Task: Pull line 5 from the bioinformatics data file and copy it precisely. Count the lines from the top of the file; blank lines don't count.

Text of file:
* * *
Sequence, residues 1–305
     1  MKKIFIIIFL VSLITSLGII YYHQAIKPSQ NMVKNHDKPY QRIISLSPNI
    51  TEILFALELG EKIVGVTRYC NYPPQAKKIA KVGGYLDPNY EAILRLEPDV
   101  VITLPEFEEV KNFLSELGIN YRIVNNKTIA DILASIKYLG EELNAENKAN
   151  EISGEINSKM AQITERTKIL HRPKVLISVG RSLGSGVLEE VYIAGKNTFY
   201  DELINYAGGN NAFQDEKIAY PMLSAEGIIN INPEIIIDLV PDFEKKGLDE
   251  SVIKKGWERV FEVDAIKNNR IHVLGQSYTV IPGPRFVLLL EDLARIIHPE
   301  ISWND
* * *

   151  EISGEINSKM AQITERTKIL HRPKVLISVG RSLGSGVLEE VYIAGKNTFY